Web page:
Many consumer-focused apps that support health are not “devices”—for example, apps that help patients self-manage a health condition. This is clear from the language of the relevant statute and case law. But the FDA’s guidance says that they are medical devices but that the agency chooses, at this time, not to actively regulate them. What is an app developer supposed to do with that internally contradictory position?
The agency could help ensure the reliability of mobile health-information tools through clear rules that tech companies can apply on their own, without spending millions on lawyers and consultants to help them talk with regulators and without stymieing progress. To do so, the FDA needs to transform how it regulates.
The agency’s regulatory scheme was shaped around an expectation that medical devices could be risky if they are not properly conceived, crafted and labeled—necessitating premarket review. But the consumer devices and medical apps under consideration have little in common with the FDA’s usual fare.
These information tools are largely aimed at arming consumers with incremental data such as metabolic and cardiac readings to encourage better-informed health decisions. While faulty information can influence people to make bad decisions, the risks are far lower than those posed by a complex drug or implantable device.
Moreover, a mobile app is likely to be far more helpful in decision-making for many consumers—and certainly can’t be worse—than online information sources of varying provenance and quality. There is already ample medical evidence to show that patients make bad decisions when they don’t have adequate information about their health.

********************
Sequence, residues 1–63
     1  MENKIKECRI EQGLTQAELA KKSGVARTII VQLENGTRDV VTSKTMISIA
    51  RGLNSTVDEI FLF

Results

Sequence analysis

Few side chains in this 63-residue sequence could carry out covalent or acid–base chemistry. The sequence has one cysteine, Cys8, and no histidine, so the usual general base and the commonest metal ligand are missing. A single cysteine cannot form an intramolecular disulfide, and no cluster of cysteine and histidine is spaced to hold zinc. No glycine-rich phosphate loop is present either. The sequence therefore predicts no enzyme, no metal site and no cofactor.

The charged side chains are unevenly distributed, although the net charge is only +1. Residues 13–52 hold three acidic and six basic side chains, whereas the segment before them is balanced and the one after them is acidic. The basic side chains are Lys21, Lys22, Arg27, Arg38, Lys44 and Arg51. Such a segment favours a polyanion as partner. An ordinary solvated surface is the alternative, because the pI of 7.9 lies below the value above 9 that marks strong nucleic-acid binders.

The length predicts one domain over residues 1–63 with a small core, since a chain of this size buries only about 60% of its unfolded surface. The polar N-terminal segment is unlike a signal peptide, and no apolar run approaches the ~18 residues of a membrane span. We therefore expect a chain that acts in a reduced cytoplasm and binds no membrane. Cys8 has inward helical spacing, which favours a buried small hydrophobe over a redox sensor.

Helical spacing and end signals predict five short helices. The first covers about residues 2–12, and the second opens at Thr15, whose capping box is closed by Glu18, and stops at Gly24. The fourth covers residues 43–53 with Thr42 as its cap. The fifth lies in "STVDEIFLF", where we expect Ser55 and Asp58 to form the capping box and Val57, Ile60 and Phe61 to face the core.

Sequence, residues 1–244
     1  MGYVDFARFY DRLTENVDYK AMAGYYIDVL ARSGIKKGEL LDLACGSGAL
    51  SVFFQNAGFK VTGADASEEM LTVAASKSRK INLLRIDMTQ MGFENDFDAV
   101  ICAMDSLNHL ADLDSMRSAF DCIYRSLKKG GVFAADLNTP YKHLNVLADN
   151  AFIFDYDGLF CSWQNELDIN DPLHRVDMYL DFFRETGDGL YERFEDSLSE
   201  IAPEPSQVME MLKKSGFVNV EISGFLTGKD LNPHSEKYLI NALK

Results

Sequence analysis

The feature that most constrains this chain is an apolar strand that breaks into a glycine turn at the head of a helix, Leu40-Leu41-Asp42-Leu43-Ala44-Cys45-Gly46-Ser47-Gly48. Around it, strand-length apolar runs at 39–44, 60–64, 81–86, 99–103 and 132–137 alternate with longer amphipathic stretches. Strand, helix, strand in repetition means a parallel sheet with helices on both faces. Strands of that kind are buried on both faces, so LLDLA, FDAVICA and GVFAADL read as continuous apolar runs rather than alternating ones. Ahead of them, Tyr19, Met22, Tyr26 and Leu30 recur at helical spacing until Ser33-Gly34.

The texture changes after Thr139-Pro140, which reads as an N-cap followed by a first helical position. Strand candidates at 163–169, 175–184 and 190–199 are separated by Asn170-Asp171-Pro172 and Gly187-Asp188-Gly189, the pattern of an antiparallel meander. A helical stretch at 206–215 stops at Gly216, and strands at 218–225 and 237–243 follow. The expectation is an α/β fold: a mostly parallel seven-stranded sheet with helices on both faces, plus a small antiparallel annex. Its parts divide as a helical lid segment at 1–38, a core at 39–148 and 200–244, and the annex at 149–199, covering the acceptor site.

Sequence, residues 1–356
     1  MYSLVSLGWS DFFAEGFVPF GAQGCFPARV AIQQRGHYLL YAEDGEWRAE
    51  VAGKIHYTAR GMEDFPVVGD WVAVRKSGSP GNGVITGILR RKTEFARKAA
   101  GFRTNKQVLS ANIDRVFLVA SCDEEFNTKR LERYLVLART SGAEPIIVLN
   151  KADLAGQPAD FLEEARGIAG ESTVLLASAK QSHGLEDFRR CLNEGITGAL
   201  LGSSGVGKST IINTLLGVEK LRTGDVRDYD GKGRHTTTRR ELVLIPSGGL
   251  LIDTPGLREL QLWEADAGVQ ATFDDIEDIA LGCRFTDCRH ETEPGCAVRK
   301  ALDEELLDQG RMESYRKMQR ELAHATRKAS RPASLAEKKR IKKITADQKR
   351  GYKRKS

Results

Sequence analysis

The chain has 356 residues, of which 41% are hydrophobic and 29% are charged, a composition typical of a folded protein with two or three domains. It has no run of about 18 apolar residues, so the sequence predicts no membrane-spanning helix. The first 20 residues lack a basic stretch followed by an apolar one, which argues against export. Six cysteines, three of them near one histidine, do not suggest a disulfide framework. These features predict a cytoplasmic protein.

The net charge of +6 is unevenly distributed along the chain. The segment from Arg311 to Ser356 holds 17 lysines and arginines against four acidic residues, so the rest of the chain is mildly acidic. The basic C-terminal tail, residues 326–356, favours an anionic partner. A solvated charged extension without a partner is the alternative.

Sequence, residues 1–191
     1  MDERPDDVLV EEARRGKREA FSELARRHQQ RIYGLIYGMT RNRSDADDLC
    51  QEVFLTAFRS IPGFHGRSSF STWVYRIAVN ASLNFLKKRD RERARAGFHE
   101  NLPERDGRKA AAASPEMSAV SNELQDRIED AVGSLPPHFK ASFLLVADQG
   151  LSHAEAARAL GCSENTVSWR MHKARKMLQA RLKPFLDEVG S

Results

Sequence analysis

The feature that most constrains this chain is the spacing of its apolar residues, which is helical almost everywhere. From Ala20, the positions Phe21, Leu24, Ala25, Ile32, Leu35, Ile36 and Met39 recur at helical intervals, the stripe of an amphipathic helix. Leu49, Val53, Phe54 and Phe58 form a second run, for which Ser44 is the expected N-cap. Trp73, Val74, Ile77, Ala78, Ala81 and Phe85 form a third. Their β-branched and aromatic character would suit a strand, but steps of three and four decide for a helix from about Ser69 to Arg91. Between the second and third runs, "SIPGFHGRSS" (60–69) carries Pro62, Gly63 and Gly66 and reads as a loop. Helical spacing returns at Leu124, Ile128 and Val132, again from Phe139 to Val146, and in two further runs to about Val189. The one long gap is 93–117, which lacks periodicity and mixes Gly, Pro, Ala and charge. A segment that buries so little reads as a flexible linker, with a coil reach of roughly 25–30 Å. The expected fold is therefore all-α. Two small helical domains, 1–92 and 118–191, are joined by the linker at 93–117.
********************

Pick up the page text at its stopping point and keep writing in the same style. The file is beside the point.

The FDA should exempt the majority of mobile-health apps from premarket review—the approach it has followed since at least 1997 for low-risk laboratory diagnostic tests. That would give the agency postmarket controls to make sure these tools are meeting expectations, but eliminate a company’s need to get permission each time a new product wants to come to market.
The agency also could work with trade groups to establish general technical standards that these products must meet regarding safety, accuracy and data security. This would enable the FDA to draw on broader expertise when it comes to these fast-moving fields. A premarket exemption could hinge on products self-certifying that they meet these specifications.
Apps and smartphone tools are constantly revised, yet under the FDA’s existing rules, once a medical app comes under the agency’s premarket scheme, each iteration can require formal submissions and in some cases review by the agency before it can be offered to consumers. This can thwart the updating that keeps technology up to date.
Today, only about 100 mobile medical apps have been reviewed and approved by the FDA. That’s a fraction of what’s possible. The problem isn’t merely a regulatory regime ill-suited for reviewing these innovations. It’s the products that are never created because mobile-tech entrepreneurs choose to direct their talents elsewhere.